Air power stands as a cornerstone of the Obama administration’s recent decision to prioritize defense efforts in the Asia-Pacific region. To make this strategy successful, the administration and Congress must ensure the nation has the necessary capabilities and capacity to secure national interests in an area defined by vast distances, limited basing options, and a pronounced threat to assured access. This means real investments—not budgeting sleights of hand that dilute America’s presence in other vital areas around the globe—and the ability to maintain strength across the national security portfolio. Though the United States currently dominates the skies, this will not continue if resources are spread too thin and are inadequate to meet potential threats. Despite the considerable costs, policymakers must invest in the necessary assets and capabilities to be prepared to effectively defend US interests in the Asia-Pacific region.
Key points in this Outlook:
- The Obama administration has declared the Asia-Pacific region to be a new priority for US defense efforts, and air power is a key part of this strategy.
- The United States now has fewer than one-third the number of bombers that it had during the Vietnam era, and existing B-2 long-range strike aircraft are nearly two decades old.
- Policymakers must stop hiding behind rhetoric and quickly make the necessary air power investments to equip the nation to face potential threats in the Asia-Pacific region, particularly from China’s rapidly advancing aerial capabilities.
The administration’s decision to prioritize the Asia-Pacific region represents an important step forward in realigning military forces with America’s global interests. It follows the wisdom of the 2010 Quadrennial Defense Review Independent Panel, led by William J. Perry, Bill Clinton’s secretary of defense, and Stephen Hadley, George W. Bush’s national security adviser, which found:
The force structure in the Asia-Pacific area needs to be increased. In order to preserve U.S. interests, the United States will need to retain the ability to transit freely the areas of the Western Pacific for security and economic reasons. The United States must be fully present in the Asia-Pacific region to protect American lives and territory, ensure the free flow of commerce, maintain stability, and defend our allies in the region.1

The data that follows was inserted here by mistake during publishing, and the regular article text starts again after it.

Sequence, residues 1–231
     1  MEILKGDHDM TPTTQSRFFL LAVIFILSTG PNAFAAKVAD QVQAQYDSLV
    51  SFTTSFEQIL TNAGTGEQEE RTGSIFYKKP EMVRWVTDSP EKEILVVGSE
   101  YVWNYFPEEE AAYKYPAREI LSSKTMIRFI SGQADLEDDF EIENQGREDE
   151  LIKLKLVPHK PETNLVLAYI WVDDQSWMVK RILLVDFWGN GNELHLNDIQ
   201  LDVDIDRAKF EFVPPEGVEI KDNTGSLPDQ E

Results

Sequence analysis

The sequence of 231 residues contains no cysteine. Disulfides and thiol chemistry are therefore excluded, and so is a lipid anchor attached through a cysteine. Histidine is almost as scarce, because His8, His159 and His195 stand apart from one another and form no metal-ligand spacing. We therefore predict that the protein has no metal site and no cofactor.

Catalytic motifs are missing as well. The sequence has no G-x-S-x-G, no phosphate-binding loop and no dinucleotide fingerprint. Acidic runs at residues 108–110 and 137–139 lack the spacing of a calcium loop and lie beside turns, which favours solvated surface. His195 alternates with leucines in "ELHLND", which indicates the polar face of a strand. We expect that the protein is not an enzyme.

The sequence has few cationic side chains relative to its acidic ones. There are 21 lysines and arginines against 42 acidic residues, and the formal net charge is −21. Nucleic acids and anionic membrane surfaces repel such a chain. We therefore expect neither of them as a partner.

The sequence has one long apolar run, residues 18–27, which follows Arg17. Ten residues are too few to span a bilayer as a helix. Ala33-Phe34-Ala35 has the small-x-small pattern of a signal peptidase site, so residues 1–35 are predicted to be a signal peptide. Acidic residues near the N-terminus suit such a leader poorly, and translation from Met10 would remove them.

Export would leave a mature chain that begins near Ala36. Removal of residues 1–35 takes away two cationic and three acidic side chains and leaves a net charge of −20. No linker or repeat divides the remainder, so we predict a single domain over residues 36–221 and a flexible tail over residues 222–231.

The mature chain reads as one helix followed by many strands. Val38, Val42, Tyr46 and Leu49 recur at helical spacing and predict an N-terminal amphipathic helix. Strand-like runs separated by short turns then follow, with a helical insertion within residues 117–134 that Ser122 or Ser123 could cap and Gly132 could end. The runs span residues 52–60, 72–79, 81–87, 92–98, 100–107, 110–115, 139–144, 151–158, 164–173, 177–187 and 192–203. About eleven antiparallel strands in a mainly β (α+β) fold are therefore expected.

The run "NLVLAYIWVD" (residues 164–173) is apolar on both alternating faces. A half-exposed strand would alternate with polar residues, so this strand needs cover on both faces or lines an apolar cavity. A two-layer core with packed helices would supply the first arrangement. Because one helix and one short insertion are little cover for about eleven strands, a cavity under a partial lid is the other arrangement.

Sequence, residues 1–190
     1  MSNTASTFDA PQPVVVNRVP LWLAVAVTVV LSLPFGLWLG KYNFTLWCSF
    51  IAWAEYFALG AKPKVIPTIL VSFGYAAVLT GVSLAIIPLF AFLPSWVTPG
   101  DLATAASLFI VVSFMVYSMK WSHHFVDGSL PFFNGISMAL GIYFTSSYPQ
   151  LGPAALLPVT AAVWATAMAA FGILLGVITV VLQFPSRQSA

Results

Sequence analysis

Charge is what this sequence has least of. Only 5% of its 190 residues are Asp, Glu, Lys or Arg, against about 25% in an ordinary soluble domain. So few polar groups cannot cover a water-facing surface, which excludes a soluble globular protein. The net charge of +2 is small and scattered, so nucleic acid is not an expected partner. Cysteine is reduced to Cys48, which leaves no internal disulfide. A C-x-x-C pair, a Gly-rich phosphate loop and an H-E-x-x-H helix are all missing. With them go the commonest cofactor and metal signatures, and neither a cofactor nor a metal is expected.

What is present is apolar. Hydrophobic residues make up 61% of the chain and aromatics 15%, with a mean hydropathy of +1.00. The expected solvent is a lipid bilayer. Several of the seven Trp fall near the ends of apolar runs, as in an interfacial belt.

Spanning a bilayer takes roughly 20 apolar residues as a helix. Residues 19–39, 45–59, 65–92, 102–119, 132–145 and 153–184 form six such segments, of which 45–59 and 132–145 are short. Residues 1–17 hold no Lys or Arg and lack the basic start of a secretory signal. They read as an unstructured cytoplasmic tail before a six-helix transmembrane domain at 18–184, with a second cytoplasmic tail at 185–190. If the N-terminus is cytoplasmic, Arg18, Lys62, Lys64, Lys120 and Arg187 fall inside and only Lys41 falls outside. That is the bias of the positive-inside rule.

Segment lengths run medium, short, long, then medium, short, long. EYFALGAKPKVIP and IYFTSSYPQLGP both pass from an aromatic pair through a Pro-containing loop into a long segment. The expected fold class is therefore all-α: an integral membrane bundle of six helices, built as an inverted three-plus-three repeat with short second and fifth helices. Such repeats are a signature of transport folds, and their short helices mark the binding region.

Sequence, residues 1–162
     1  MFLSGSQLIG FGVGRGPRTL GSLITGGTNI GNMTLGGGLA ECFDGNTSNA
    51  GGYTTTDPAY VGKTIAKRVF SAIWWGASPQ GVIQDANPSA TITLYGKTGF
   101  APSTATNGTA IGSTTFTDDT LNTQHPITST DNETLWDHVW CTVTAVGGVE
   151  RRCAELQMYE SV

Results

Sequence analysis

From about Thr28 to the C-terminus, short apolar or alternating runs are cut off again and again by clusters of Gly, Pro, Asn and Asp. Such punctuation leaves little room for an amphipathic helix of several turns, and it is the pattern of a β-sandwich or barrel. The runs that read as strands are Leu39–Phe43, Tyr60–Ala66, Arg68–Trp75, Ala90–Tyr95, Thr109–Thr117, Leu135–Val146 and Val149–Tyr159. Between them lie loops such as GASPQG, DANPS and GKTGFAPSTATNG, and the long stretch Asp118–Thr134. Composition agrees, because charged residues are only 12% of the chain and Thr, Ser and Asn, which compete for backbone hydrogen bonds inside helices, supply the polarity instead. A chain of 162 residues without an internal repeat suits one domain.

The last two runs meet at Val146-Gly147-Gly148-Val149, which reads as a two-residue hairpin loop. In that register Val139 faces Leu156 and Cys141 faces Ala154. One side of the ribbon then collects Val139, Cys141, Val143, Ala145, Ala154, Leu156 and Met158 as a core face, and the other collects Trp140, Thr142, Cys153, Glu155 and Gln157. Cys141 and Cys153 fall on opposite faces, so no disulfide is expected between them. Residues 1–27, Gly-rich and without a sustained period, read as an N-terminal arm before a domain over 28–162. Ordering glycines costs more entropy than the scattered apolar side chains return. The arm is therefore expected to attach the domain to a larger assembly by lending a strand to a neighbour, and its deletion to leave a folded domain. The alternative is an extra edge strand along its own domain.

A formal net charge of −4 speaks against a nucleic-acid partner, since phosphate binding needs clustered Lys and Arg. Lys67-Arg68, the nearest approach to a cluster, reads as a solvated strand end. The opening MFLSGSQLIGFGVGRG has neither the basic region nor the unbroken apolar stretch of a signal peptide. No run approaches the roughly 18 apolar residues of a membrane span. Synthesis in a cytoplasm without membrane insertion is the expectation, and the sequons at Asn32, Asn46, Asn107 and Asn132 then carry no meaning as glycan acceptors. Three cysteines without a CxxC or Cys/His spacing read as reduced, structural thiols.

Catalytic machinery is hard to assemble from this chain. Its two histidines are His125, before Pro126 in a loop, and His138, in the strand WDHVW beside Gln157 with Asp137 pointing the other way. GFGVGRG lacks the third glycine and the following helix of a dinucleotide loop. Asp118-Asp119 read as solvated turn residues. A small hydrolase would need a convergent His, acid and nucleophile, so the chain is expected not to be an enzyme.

However, the credible projection of effective and sustainable power requires more than rhetoric. It also requires investments in capabilities and capacity to protect America’s interests in the region.
Air power uniquely affords leaders the ability to wage mobile and adaptive campaigns that maximize economy of force relative to wars based on attrition and occupation. However, policymakers must not assume continued de facto US preeminence in the skies. Combat operations in the Asia-Pacific would require an ample inventory of aircraft with adequate range, speed, and stealth. This does not mean limited “silver bullet” fleets that try to perform nearly every mission with only a few select aircraft.
"Allies’ commitment to the United States and its interests depends directly on their perceptions regarding American presence, staying power, and resolve."
After two decades of deferred programs and curtailed buys in key platforms, America’s combat air assets are worn out and spread too thin. The Obama administration and Congress must prioritize recapitalizing these capabilities with robust investment in the next-generation bomber; the F-35 Joint Strike Fighter Program; the KC-46 aerial refueling tanker; F-22 modernization; long-range, low-observable, carrier-based strike platforms; and joint electronic warfare capabilities. Diversified logistics lines, air base resiliency, carrier battle group defenses, vigorous cyber capabilities, strong command and control networks, and robust data links will also be critical enablers for the entire joint force.
Although these capabilities require considerable investments, the price of unpreparedness is even greater. Should the United States find itself underequipped in a future conflict, it simply will not be possible to rapidly design, develop, and field modern weapons systems and their requisite support elements. The assets and associated infrastructure we acquire today will govern the options available to the nation’s decision makers for decades into the future.
Preparing Comprehensively for the Future
Whether in the Asia-Pacific domain or elsewhere, putting US military personnel in harm’s way when alternate means exist for securing national priorities does not typically serve America’s interests. This requires focusing policy and resource priorities on using peaceful avenues to favorably influence other nations. Taking positive and proactive action to shape events on the ground means US leaders must continue to build and maintain alliances with nations that share common interests and will partner to realize mutual regional policy goals.
Air power presents many opportunities for cultivating these associations. Whether conducting training exercises, promoting regional stability through joint operations, or supporting disaster recovery and humanitarian relief efforts, American and allied airmen are uniquely situated to project smart, effective, and positive power. This requires putting work into building enduring relationships over time, not scrambling in a crisis to create them overnight.